More thoughts…

The premise of an embodied Death, who is omnipresent and worldly, who transcends our human time and space, is intriguing—however, Moats’ tries to make this idea carry the whole text. Unfortunately, the overall text reads flat and Death never steps down from the podium. The tone is also academic to a fault. I find myself wishing there was less history and more fantasy. I definitely buy that if Death was going to speak up, war mongering, terrorism, and nuclear weapons are justifiable reasons for doing so—but the mere notion of Death speaking to us is a leap that could use some more context, if only inklings.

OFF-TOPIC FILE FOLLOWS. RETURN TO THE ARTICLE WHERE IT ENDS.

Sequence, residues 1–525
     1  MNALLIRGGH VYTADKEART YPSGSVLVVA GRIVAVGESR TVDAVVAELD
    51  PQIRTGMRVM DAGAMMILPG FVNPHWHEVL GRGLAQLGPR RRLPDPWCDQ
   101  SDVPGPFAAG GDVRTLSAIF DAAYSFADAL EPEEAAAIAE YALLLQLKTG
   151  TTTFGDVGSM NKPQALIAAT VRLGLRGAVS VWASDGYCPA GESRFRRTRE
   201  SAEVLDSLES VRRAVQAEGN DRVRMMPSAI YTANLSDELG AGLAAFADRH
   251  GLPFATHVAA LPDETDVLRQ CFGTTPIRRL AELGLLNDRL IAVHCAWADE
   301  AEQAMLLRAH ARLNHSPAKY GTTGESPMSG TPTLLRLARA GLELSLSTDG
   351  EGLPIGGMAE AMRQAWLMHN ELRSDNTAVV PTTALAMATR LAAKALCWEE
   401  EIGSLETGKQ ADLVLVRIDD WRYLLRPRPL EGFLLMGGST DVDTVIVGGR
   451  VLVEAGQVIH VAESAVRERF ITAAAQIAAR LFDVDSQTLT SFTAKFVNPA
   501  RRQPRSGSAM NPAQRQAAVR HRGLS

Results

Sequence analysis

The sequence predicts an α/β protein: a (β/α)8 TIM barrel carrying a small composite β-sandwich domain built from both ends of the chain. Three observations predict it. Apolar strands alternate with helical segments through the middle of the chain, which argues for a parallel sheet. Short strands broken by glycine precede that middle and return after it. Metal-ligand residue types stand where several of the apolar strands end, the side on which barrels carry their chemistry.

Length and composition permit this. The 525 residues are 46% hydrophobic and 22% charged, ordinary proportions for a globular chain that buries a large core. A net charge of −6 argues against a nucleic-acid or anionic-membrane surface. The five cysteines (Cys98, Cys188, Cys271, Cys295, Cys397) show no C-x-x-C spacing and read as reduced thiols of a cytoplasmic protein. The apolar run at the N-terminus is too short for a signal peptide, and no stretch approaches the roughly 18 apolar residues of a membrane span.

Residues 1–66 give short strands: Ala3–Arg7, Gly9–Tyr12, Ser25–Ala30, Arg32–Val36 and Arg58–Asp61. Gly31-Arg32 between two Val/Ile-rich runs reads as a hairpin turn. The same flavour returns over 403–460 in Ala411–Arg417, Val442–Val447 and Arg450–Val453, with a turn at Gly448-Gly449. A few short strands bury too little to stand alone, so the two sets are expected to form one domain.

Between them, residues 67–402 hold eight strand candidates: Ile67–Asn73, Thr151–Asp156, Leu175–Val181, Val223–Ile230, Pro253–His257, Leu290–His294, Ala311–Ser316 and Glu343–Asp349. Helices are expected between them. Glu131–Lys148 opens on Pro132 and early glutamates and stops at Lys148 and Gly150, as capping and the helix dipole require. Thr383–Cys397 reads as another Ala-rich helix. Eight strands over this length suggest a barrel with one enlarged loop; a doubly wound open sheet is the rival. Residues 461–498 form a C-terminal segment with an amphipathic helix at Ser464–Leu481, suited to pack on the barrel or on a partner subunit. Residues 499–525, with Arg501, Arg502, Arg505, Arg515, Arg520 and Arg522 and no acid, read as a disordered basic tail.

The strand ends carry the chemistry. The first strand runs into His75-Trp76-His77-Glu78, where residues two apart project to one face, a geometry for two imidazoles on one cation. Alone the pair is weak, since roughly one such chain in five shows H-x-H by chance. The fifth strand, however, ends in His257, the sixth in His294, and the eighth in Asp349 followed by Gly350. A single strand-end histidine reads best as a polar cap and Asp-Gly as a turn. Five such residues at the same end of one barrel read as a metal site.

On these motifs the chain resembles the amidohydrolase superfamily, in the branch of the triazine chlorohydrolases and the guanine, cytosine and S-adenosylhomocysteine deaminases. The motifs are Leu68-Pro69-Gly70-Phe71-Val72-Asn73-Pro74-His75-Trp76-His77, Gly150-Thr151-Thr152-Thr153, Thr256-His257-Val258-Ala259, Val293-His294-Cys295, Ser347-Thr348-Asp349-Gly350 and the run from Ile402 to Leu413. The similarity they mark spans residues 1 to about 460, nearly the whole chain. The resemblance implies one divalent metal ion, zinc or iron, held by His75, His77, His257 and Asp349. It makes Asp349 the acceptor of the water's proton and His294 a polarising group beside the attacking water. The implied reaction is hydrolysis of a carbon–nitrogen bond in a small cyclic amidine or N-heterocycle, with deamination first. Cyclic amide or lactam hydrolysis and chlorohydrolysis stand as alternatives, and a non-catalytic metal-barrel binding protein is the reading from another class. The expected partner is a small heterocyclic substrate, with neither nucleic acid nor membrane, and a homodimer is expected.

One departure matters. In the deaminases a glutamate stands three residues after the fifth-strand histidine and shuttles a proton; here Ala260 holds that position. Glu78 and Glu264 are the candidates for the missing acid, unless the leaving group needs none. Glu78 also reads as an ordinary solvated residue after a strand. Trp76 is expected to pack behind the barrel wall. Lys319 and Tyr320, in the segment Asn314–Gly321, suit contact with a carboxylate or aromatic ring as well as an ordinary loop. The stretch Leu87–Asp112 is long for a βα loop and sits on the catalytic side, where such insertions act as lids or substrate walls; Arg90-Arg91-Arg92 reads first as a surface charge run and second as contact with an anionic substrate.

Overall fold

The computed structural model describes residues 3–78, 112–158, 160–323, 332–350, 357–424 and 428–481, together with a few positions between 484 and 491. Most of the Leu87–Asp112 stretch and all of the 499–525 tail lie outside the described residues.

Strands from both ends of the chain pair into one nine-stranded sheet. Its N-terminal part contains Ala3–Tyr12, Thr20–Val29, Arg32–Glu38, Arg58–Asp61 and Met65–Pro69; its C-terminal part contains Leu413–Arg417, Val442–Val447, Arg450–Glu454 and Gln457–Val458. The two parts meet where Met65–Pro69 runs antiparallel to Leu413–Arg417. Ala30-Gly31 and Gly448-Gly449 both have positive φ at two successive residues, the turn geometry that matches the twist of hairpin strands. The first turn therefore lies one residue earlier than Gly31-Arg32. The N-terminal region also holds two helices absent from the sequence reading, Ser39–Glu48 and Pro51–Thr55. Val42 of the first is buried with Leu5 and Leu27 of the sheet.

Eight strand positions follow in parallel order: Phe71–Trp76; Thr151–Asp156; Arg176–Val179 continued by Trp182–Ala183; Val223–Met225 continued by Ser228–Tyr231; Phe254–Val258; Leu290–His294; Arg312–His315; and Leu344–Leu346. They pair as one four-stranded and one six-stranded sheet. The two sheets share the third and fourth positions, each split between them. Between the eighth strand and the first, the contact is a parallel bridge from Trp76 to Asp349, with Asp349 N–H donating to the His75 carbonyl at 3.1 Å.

MACHINATIONS OF A BLACK SABBATICAL: Mark Danowsky on Brett Eugene Ralph’s Black Sabbatical


Black Sabbatical, Brett Eugene Ralph, Sarabande Books

“He who makes a beast of himself gets rid of the pain of being a man”.
-Dr. Johnson

“When the going gets weird, the weird turn pro.”
-Dr. Hunter S. Thompson

Brett Eugene Ralph’s poetry collection “Black Sabbatical”, addresses a cross-section of subcultures in American’s Derby Country, and is as readable for the doomed as it is for the intellectual aristocracy. In these works, Ralph juxtaposes the flowery language typical of canonical works with the crassness of the everyday. In so doing the author expands his readership to a wider audience.